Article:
Post by Helmut Richter Post by Martin Gerdes
Andererseits wird heute das, was man früher als "Methodik" bezeichnete,
heute gern "Methodologie" genannt, auch nennt man "Technik" heute gern
Das Anglomanie-Gen ist offensichtlich stärker als das
Zu diesem Thema zwei Zitate aus alten Usenet-Beitraegen, die ich mir
I believe the insertation of syllabicals should be reservationed
for more specialisticised meanings of technicaluous terminisms.
(Although heaven forfenduate that I imposition this viewistry on
anyonesome else. I'm probably just pickling.)
Yes, a classicalist examplification of Americanisationism.
Erinnert mich an "Good Omens", auch schon wieder von 1990,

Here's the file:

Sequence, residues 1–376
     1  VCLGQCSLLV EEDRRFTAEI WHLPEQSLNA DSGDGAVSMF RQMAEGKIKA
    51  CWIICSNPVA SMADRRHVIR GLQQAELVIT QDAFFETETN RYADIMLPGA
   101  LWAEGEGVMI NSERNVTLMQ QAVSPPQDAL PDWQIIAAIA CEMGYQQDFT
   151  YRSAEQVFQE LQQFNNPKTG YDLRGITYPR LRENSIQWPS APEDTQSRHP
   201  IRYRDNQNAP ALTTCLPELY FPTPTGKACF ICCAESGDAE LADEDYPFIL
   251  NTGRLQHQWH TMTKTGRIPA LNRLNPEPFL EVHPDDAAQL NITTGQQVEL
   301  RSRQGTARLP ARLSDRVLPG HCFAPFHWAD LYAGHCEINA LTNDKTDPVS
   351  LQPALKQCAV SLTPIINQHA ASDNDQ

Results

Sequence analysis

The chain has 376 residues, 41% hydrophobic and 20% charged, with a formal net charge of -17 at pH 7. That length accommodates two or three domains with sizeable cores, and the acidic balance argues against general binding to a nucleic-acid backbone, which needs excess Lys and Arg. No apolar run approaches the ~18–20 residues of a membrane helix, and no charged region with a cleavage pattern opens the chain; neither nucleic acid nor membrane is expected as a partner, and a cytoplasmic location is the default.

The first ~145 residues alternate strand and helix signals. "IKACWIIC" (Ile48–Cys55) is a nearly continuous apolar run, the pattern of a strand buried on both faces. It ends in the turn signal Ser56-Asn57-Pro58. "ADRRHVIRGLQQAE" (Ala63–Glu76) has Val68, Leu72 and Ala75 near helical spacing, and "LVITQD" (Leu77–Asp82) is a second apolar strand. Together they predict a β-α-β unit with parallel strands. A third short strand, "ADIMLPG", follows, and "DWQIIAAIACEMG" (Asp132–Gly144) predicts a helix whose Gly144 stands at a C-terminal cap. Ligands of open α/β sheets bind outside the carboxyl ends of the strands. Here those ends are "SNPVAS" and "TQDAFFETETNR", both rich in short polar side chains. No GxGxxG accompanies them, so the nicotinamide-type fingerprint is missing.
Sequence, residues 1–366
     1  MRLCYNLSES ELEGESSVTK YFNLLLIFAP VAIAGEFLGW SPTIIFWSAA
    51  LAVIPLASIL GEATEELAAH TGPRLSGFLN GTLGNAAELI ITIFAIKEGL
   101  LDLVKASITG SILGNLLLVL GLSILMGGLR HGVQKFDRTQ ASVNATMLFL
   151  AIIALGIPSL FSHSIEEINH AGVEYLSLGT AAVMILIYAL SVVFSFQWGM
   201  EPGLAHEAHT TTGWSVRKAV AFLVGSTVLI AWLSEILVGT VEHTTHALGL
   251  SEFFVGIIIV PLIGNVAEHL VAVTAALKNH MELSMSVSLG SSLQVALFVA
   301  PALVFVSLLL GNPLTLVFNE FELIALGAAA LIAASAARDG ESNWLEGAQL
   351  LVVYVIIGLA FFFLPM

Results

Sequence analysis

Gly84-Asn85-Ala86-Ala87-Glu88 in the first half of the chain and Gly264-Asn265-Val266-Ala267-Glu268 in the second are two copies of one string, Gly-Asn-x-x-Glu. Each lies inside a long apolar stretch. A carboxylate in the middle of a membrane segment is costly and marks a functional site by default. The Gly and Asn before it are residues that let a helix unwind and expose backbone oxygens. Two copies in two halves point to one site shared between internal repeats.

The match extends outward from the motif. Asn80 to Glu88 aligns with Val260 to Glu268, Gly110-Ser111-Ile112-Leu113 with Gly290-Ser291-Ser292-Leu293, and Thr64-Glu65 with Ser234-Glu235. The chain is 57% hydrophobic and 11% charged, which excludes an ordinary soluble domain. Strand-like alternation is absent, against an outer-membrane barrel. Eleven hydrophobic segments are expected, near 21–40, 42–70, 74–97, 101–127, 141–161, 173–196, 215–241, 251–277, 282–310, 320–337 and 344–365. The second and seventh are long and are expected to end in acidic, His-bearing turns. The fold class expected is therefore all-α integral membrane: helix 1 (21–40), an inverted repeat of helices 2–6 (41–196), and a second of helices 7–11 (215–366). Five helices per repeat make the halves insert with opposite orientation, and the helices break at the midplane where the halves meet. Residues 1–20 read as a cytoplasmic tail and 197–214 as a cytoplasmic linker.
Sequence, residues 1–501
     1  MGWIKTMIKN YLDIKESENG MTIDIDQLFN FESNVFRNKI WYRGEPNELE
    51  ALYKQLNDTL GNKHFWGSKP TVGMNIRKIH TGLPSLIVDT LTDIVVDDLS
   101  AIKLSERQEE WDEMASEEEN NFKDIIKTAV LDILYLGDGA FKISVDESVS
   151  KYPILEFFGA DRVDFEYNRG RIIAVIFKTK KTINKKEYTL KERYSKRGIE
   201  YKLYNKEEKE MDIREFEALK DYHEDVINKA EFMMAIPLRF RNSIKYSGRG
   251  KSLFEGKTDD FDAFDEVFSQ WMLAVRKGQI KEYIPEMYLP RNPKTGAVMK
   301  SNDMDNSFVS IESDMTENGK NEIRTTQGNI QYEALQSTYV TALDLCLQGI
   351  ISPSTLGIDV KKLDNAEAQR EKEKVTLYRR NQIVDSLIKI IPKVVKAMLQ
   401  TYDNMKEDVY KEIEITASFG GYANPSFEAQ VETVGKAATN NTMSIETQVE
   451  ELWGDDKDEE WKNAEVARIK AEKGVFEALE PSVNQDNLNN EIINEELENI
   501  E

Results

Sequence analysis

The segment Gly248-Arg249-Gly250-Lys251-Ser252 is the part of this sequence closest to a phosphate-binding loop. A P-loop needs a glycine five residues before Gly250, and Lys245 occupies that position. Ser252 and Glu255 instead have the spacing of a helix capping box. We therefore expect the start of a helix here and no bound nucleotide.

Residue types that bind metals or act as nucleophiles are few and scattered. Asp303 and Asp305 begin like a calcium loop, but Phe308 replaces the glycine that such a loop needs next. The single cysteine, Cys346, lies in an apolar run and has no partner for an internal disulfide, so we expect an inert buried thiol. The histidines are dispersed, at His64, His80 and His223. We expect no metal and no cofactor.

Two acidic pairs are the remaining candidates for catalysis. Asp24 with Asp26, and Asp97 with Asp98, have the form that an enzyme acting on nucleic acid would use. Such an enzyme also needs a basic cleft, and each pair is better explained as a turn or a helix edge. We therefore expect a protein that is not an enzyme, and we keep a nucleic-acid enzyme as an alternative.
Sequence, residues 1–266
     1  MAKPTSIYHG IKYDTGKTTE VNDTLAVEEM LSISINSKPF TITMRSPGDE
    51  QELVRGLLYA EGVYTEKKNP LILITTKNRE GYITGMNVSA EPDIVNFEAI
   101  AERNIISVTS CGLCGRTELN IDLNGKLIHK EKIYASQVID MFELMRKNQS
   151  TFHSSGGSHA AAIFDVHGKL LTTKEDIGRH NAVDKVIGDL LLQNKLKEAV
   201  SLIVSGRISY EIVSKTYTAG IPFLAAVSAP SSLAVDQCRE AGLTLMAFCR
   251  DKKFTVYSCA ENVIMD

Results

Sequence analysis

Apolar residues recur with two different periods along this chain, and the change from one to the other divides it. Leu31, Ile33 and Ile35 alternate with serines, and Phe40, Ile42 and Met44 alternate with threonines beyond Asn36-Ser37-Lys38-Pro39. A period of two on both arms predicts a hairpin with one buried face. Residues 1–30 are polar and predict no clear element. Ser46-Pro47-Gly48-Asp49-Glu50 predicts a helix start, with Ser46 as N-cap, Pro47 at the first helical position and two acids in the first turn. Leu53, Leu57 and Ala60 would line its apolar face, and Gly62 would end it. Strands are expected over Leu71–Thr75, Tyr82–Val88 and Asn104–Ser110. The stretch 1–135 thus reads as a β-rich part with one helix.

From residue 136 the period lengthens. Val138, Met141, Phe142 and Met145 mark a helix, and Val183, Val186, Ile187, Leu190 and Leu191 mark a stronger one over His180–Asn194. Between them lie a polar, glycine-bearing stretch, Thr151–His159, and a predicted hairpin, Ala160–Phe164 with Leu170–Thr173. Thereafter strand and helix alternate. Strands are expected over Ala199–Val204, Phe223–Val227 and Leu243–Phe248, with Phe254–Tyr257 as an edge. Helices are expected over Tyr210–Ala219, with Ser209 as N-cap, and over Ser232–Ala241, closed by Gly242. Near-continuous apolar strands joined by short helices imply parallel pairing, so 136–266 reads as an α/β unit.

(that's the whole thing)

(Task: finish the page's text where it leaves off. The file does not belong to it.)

wo Pratchett/Gaiman (sie wussten hinterher auch nicht mehr,
wer welche Kapitel geschrieben hat) dies in ein paar Szenen
auf die Schippe genommen haben.
"Hi, Tommy," she said. "I thought you was in England."
"Yes, Mom, I am normatively in England, Mom, protecting democratism,
Mom, sir," said Sgt. Thomas A. Deisenburger.
"That's nice, hon," said his mother.
"Your Poppa's down in the Big Field, with Chester and Ted.
They'll be pleased to see you."
Sgt. Thomas A. Deisenburger nodded.
He took off his military-issue helmet and his military-issue jacket,
and he rolled up his military-issue shirtsleeves.
For a moment he looked more thoughtful than he had ever done in his life.
Part of his thoughts were occupied with apple pie.
"Mom, if any throughput eventuates premising to interface
with Sgt. Thomas A. Deisenburger telephonically, Mom, sir,
this individual will—"
"Sorry, Tommy?" Tom Deisenburger hung his gun on the wall, above
his father's battered old rifle.
"I said, if anyone calls, Mom, I'll be down in the Big Field,
with Pop and Chester and Ted."